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CAT CHASES DOG (DANGERS ASSOCIATED WITH PUBLICLY ACCUSING A COMPETITOR OF INFRINGEMENT)

A client called me the other day to discuss some steps he wished to take against a competitor who was infringing his patent.    The client wanted to write letters to some major companies that were purchasing product from the competitor, to make them aware of the infringement and advise them that he would be forced to sue them if they continued to purchase the competitor’s product.  The second step he wished to take was to place an advertisement in a magazine widely read in the industry, to inform companies in the industry of the alleged infringing activity by the competitor.  I advised my client that there were some practical reasons why taking these steps might end in disaster.   Firstly, when you threaten companies with legal action, they are not inclined to do business with you.  In other words, it is bad for business to sue customers.  Secondly, when you make statements tending to discredit the business of a competitor you are “potentially” breaching section 7 (a) of the Trademarks Act which reads:
“No person shall make a false or misleading statement tending to discredit the business, wares or services of a competitor.”
My client protested that everything he was going to place in the letters and the advertisement was absolutely true.    In the recent Federal Court case of Excalibre Oil Tools V. Advantage Products, a businessman with the same attitude as my client found out the hard way the risks of making statements about a competitor that turned out to be false.   Advantage sent letters to customers of Excalibre alleging infringement of three patents. However, when the patent infringement action subsequently proceeded to Court, Advantage Products lost; the Court found key claims to be invalid and the remaining valid claims not to be infringed by Excalibre.  The case is presently proceeding to the “damages” phase to determine the amount Advantage Products is going to have to pay as compensation to Excalibre for making false and misleading statements that discredited the business of Excalibre.   Why give your competitor grounds to counter-claim?  If you believe your competitor is infringing, communicate directly with the competitor and, if the matter remains unresolved, sue.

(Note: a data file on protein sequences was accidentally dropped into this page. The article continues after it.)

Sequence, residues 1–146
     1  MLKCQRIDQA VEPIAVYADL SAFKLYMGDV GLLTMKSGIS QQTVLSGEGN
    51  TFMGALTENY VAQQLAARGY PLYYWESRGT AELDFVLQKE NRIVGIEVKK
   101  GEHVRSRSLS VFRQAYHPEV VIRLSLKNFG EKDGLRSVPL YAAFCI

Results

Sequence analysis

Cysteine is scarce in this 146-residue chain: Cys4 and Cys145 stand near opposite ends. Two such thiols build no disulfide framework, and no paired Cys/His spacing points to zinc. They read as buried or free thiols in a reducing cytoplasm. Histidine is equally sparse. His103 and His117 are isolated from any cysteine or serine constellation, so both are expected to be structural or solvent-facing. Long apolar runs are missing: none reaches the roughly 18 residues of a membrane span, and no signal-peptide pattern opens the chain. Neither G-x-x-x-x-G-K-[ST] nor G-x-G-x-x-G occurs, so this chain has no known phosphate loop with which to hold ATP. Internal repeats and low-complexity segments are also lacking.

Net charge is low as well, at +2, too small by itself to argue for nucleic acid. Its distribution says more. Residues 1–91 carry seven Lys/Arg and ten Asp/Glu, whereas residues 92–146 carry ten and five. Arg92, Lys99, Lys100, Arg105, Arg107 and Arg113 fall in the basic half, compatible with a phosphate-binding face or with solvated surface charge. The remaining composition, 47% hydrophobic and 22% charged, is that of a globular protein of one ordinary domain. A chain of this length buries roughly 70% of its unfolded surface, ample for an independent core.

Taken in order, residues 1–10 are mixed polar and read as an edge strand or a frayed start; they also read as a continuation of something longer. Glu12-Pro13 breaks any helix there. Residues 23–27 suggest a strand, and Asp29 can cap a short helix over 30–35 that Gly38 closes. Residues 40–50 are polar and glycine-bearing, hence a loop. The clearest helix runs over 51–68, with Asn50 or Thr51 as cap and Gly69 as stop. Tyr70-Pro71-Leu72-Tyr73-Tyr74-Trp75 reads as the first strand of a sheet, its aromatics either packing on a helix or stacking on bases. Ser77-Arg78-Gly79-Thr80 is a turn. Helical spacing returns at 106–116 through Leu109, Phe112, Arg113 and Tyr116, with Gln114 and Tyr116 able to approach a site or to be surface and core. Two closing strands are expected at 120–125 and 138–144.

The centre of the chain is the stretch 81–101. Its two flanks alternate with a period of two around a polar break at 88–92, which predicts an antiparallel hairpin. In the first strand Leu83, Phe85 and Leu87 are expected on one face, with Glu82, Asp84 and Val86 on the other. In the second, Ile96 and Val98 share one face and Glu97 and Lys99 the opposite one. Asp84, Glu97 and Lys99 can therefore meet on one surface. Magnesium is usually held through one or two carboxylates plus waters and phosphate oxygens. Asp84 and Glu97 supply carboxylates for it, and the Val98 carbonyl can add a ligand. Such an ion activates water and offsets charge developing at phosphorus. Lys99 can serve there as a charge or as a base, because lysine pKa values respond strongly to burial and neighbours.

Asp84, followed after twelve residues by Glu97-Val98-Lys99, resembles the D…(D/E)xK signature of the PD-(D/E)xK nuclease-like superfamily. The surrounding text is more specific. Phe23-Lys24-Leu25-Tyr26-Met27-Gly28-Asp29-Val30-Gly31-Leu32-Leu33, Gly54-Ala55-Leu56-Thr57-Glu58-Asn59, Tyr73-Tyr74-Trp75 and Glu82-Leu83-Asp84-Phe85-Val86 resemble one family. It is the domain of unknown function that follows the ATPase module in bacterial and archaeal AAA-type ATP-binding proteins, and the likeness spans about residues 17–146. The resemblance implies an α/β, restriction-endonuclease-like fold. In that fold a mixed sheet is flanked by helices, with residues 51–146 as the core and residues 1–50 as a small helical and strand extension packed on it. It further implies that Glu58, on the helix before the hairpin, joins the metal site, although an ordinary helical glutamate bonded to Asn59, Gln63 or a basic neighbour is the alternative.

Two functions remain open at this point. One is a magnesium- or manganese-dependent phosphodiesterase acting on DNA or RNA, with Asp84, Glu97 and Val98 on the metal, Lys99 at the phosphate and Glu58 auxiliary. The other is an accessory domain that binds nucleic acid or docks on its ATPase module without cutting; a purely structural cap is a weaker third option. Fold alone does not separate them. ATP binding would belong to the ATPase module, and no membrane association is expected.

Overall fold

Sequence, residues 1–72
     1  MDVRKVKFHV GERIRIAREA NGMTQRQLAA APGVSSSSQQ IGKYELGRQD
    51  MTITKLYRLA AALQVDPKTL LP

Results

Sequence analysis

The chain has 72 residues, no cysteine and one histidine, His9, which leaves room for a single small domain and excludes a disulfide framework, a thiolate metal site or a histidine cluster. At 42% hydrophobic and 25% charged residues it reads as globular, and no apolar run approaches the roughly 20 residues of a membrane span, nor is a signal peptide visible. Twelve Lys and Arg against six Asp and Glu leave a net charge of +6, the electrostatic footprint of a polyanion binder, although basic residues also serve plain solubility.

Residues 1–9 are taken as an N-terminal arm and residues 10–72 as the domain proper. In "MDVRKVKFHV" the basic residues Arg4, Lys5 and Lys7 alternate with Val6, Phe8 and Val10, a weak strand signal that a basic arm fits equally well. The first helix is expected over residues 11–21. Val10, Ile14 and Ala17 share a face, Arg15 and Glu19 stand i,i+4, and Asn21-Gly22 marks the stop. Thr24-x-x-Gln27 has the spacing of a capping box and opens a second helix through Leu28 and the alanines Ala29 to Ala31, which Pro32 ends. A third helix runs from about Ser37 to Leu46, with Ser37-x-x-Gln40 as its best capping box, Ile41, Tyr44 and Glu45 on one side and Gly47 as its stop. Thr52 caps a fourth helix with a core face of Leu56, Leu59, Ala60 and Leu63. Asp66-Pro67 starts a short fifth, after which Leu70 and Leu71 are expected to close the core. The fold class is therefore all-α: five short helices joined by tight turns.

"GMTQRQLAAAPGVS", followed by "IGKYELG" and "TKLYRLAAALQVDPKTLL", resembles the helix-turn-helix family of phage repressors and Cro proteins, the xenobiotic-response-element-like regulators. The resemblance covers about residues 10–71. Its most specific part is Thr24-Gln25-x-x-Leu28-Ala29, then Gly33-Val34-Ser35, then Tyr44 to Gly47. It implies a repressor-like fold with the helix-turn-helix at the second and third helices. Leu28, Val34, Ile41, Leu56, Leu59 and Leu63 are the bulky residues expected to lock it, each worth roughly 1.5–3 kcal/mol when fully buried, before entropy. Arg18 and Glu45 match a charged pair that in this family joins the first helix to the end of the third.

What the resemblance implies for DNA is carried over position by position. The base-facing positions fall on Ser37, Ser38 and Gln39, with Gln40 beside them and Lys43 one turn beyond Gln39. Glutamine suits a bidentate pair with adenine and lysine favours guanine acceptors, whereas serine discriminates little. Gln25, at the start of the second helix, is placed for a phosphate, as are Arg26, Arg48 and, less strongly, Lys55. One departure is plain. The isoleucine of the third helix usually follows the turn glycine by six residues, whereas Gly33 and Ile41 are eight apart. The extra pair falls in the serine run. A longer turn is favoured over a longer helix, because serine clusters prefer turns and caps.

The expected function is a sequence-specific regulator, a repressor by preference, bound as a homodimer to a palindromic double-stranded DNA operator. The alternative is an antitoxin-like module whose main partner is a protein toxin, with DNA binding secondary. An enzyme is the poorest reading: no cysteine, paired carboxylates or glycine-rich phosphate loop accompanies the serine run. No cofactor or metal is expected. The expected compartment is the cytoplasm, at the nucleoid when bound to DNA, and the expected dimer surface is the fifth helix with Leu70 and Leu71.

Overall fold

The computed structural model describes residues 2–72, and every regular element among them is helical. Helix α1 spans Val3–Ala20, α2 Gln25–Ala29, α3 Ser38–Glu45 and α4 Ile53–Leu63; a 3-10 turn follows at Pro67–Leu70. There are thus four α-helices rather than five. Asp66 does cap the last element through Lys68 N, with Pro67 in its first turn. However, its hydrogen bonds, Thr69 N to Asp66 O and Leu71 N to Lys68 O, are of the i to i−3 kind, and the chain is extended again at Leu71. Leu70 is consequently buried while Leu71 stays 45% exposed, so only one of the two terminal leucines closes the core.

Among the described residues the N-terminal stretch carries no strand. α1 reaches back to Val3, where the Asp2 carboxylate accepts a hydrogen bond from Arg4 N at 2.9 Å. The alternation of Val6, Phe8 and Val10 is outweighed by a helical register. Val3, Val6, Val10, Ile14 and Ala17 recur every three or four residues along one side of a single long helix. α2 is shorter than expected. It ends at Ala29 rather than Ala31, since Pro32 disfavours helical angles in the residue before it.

Copyright, Design and Trademark – A Cautionary Tale

There is a relationship between copyright, design and trademark as they apply to physical products.  Copyright protects “works of artistic craftsmanship”.   Design protection can be obtained for features of shape, configuration, pattern or ornament of useful articles.  Trademark rights may extend to the shaping of wares (products) with such unique shapes being referred to as “distinguishing guises”.  (The old-style glass bottle used by Coca Cola is a good example of a distinguishing guise trademark; the consumer knows what the product is merely from the container.)   It is possible for a product to be subject to all three, copyright, design and trademark at some time during the product’s life cycle.  However, copyright, design and trademark each have their limitations.

When an entrepreneur launches a new product, he or she does not know how successful the product may become.  Sometimes public apathy toward a new product is deflating.  At other times, the response exceeds even the entrepreneur’s expectations.  For that reason, it is not unusual for an entrepreneur to introduce a product into the marketplace and to wait and see how the product sells before seeking protection.